Julia F. Morton has written about the pomegranate, including the uses of its wood, in her book “Fruits of Warm Climates”. Her chapter on pomegranates (Morton, J. 1987. Pomegranate. p. 352–355 in Fruits of Warm Climates. Julia F. Morton, Miami, FL) has been reproduced on-line at:
There, readers will find a description of the pomegranate as a source of small-diameter lumber, perhaps suitable as a spit for a lamb roast:
The pale-yellow wood is very hard and, while available only in small dimensions, is used for walking-sticks and in woodcrafts.
It is also interesting to note some of Morton’s other comments on the pomegranate. The bark contains a number of bitter medicinal compounds. One of these is isopelletierine, which is used to kill tapeworms. The bark has also been found to be toxic to parasitic flatworms. In view of the biblical requirement to roast the entire lamb, including its intestines, these properties of pomegranate bark may have been important to public health in Temple times. In fact, the Talmud’s discussion of the roasting of the Paschal lamb describes the placement of the intestines outside of the carcass on the pomegranate wood spit, where any worm-infested intestines would roast in contact with the medicinal bark. Presumably, the worm-killing compounds in the bark helped to ensure that the roasted intestines were free of parasites.
Surprisingly, neither the Gemara’s nor the Rambam’s discussion of the pomegranate spit considers the problem of the biblical prohibition of destroying fruit trees for the sake of their wood. (Deuteronomy 20:19-29). The Talmud does accept the possibility of a cost-benefit analysis in the application of this commandment. For example, it permits the uprooting of a vineyard or orchard when replacing it with another crop would be more profitable (Baba Kama 91b). Whether this principle was understood implicitly to exempt the cutting of pomegranate saplings for the purpose of the Paschal sacrifice, or whether the issue was simply allowed to rest after the destruction of the second Temple and cessation of animal sacrifices is unclear to me. Certainly a great deal of wood must have been cut each year to enable each family to enjoy the Paschal feast. I would welcome hearing from any reader who has an answer to this question.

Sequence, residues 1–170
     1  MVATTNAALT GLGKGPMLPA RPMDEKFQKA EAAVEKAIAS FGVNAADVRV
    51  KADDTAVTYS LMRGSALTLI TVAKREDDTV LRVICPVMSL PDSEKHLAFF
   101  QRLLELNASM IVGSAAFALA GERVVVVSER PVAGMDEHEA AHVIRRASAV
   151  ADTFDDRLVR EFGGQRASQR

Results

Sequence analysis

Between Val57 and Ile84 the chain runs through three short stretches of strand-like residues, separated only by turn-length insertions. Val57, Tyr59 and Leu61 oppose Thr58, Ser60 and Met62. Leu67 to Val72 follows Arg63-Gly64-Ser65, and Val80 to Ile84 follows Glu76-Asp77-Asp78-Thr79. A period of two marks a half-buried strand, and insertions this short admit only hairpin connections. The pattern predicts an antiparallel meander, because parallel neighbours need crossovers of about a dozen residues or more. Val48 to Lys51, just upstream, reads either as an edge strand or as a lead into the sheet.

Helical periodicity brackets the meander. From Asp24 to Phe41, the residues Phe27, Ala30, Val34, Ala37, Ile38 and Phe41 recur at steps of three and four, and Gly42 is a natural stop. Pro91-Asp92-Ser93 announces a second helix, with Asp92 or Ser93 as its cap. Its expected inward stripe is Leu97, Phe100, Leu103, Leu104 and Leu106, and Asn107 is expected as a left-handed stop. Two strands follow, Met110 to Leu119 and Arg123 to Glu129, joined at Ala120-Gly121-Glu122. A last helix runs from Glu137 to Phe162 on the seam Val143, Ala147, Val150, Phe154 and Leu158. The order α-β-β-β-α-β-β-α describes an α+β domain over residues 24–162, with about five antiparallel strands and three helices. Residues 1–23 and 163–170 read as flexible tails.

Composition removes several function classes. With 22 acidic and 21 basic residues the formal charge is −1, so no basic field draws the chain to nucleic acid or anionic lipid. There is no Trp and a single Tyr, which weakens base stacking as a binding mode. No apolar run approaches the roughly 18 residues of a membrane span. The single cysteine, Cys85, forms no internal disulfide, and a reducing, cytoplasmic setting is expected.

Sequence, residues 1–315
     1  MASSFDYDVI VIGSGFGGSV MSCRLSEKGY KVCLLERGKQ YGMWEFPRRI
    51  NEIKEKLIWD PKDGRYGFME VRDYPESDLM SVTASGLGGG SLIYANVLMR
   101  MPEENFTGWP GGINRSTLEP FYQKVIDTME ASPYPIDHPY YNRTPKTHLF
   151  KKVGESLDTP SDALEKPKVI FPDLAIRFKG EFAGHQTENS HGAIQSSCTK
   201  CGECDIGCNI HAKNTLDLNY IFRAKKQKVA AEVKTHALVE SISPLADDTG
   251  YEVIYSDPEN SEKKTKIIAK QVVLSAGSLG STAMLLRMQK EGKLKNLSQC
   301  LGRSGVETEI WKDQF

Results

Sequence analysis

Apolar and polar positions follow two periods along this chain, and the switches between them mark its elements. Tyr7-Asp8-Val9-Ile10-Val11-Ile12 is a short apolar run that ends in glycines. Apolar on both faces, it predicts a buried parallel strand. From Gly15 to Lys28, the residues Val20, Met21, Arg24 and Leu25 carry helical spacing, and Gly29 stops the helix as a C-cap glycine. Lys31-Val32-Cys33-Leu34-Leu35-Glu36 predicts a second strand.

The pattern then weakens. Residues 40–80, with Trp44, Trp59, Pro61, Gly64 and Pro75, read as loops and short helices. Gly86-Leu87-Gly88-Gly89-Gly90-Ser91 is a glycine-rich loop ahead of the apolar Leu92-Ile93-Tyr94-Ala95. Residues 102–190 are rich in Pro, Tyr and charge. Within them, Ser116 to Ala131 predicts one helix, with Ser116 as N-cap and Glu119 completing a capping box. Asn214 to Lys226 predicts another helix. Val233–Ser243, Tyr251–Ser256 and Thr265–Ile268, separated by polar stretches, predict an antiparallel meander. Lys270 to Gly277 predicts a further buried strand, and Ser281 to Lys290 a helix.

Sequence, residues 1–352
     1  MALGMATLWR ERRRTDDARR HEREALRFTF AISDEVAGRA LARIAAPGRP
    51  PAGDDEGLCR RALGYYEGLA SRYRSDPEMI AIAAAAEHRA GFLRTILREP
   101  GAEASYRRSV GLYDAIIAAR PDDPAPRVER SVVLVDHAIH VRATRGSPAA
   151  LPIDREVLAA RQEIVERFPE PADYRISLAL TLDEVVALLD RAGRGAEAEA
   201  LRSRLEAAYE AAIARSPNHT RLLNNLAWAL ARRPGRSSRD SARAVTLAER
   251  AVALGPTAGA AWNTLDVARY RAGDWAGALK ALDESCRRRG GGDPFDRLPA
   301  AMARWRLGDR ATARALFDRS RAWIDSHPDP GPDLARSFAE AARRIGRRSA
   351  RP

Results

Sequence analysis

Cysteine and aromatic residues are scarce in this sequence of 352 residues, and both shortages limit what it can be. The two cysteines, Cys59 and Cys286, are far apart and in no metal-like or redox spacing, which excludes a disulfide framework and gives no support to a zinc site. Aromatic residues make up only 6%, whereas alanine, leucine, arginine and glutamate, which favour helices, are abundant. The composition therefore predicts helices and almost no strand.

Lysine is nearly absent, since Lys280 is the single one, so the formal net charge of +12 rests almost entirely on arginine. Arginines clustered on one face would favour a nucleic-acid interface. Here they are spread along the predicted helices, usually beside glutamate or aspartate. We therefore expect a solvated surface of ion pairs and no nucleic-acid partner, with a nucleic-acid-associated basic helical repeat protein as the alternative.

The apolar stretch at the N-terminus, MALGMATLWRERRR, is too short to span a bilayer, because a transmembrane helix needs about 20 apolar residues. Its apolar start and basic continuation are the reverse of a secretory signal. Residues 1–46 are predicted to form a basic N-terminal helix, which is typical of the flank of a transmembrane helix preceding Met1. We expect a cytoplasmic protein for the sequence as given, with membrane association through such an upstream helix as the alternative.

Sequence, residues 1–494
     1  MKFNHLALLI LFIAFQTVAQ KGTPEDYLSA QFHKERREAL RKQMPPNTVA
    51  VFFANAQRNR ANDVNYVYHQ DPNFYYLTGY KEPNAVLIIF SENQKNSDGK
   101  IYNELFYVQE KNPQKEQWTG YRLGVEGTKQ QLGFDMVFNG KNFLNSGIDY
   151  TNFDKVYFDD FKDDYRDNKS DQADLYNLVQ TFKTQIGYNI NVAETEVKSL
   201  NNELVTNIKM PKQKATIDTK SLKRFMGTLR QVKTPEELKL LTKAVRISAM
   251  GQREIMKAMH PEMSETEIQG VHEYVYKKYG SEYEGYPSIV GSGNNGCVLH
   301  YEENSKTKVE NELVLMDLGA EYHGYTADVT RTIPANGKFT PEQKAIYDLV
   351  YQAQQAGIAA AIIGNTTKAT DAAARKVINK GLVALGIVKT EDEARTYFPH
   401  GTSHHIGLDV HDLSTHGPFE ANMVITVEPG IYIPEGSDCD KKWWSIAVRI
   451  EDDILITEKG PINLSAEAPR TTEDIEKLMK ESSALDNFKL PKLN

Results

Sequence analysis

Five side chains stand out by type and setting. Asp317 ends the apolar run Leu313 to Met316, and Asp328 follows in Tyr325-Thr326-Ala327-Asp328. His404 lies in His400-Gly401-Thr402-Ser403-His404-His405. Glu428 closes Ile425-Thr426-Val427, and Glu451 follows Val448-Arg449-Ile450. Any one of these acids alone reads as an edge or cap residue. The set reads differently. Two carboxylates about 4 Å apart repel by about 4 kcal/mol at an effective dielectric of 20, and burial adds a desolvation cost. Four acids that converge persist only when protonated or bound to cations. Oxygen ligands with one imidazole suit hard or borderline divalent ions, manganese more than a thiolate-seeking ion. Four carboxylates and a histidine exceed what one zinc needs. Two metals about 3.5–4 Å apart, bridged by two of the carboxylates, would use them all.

Why does the Torah give such importance to the roasting of the Paschal lamb? The medieval Spanish Jewish commentator Avraham ibn Ezra suggests an explanation. In his commentary on Exodus 12:8-9, ibn Ezra reports (on the authority of “the sages of Spain”) that the most elegant preparation of meat, favored by epicurean royalty, is a sort of gentle poaching or steaming in a double boiler or bain-marie. Perhaps, just as we eat matzah, “the bread of poverty,” thumbing our noses at Egyptian leavened bread, and our ancestors ate the Paschal lamb, turning their backs on Egyptian polytheism, ibn Ezra is suggesting that the roasting of this lamb is meant to remind us that the simple barbecue we ate as desert nomads is preferable to the delicacies of the aristocracy, consumed at the expense of an enslaved people.